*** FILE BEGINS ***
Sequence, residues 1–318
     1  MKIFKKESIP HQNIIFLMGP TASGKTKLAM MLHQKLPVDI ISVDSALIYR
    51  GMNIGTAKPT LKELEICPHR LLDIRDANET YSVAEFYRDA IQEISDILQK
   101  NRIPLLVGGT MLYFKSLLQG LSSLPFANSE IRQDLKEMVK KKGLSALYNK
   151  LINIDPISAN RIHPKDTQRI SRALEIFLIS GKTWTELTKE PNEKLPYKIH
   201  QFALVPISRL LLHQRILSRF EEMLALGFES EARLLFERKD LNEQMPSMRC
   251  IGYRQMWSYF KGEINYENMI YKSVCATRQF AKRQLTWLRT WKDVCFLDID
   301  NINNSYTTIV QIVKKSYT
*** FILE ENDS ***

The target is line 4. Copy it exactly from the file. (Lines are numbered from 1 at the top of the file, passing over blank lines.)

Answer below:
   101  NRIPLLVGGT MLYFKSLLQG LSSLPFANSE IRQDLKEMVK KKGLSALYNK